Category: Environmental Law


Homeownership, Flood Insurance, and Stupid Land Uses: The Kolbe Decision

First, thanks to Concurring Opinions for inviting me back.  It’s been years.  What took you so long? 

I plan to spend some of my month’s effort here discussing coastal land use and disasters and the law.  In light of Superstorm Sandy and likely future megastorms, and given climate change and sea level rise, I can’t help noting that, whatever is going on with managing CO2 levels at a global scale, one class of disasters results from what I have come to call in conversation (and now in writing) Stupid-A** Land Use Decisions (SALUD).   We build houses in harm’s way.  I’ve written about the folly of allowing homes on the parts of barrier islands that are most likely to flood or wash away, noting in passing the folly of building homes on scenic hillsides subject to rock- and mudslides.  In the news lately, there’s much about the costs of rescuing homes built in forests that are just waiting to catch fire.  At some point, we have to disincent SALUD, or at least insist that the full cost of risk and rescue and rebuilding be reflected in the market cost of building in Stupid-A** places, and let that expense disincent.  It’s very hard to do.  As my own dear New Jersey Governor Chris Christie said after Superstorm Sandy, we will rebuild!

 Which brings me to the case I’m discussing today.  It came down last Friday. The case is Kolbe v. BAC Home Loans Servicing, LP (1st Cir. No. 11-2030, Sept. 27, 2013) (en banc), 2013 WL 5394192.  It is a First Circuit en banc decision, on a 3-3 vote, failing to reverse the District of Massachusetts, which granted a motion to dismiss a putative class action seeking an interpretation of a form mortgage contract provision concerning flood insurance.  Warning, I’m not an expert in all of the doctrinal areas involved, so please forgive if I miss something, but boy, is it interesting. 

The provision in dispute is Covenant 4, a three-sentence paragraph required by the Department of Housing and Urban Development (HUD) to be included in all single family dwelling mortgage contracts insured by the Federal Housing Administration (FHA).  Covenant 4 was established by a regulation promulgated in 1989 after notice and comment rulemaking.  It allows a lender to require that the homeowner purchase insurance for “any hazards . . . in the amounts and for periods that the Lender requires.”  Covenant 4 also requires the borrower to insure against loss from floods to the extent required by the Secretary of HUD.  HUD requires flood insurance whenever a property is located in a “special flood hazard area,” the most risky category under the National Flood Insurance Program (NFIP) classification scheme.  HUD requires flood insurance at least equal to the outstanding balance of the mortgage, that is, the lender’s stake in the property, but there is a cap of $250,000.  Thus, as to hazard (but not flood), the lender clearly has authority under Covenant 4 to require further hazard insurance.  But it is, arguably, unclear whether Covenant 4 empowers the lender to require a homeowner to purchase additional flood insurance.  Perhaps the provision of Covenant 4 referring to requirements by HUD insulates the homeowner from lender requirements as to purchasing flood insurance.  Perhaps Covenant 4’s authorization for lenders to require additional hazard insurance includes flood insurance, because floods are a type of hazard.  That’s the interpretation question. Read More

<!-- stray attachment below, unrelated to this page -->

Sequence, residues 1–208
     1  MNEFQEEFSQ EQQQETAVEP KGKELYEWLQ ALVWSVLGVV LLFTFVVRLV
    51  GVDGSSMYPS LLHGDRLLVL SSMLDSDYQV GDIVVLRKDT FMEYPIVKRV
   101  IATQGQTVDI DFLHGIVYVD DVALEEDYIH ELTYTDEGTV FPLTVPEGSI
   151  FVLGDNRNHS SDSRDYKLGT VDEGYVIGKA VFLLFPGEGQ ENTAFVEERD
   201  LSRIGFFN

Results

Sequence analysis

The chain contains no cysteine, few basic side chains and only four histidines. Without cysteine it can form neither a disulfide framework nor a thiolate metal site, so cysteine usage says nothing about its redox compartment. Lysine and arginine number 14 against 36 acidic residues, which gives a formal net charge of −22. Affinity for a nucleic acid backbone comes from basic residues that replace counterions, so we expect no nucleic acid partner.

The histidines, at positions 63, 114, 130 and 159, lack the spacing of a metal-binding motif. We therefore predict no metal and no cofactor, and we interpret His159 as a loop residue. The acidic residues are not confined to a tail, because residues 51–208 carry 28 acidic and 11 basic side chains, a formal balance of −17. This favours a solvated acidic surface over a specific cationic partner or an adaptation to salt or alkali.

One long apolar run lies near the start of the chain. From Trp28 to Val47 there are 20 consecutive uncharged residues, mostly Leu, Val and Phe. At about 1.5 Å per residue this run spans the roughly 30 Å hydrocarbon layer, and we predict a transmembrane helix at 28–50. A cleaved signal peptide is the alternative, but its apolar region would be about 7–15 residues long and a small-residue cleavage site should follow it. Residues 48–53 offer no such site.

Agencies in the Cathedral?

AgenciesAreas of law dominated by government agencies haven’t taken advantage of the rich literature on property rules and liability rules, which are “workhorse concepts that permeate every corner of the economic analysis of law.” In their 1972 article Property Rules, Liability Rules, and Inalienability: One View of the Cathedral, Calabresi and Melamed observed that there are fundamentally two types of remedies: (1) property rules, such as injunctions or disgorgement, which aim to deter, and (2) liability rules, like compensatory damages, which aim to compensate. This framework has paid rich dividends in areas like torts, property, IP, contracts, and conlaw — but seems to have bypassed areas of law dominated by agencies.

Government agencies’ remedies can be classified as either property rules or liability rules. For example, if a business has a permit from the EPA but violates the permit’s conditions, the remedy could be either taking away the permit (a property rule), or requiring proportional compensation (a liability rule). Similarly, if a broker has a license from the SEC and violates securities law, the remedy could be either yanking the license (a property rule), or requiring compensation for the harmed parties (a liability rule).

I apply the property rule and liability rule framework to my favorite agency — the IRS — in a forthcoming Virginia Law Review article. When a taxpayer violates a tax-law requirement, the remedy can be either yanking the taxpayer’s favorable tax status (a property rule), or requiring compensatory additional tax (a liability rule). Counterintuitively, anecdotal evidence shows that property-rule remedies may be less effective at deterring violations, because the threat of political and media blowback may make the IRS unwilling to impose a draconian property-rule remedy. As a result, when Congress protects a requirement with the property-rule remedy of yanking a favorable tax status, politically-powerful or sympathetic taxpayers are rarely deterred from violating the requirement. The IRS doesn’t dare impose it. Surely similar problems plague enforcement by other agencies.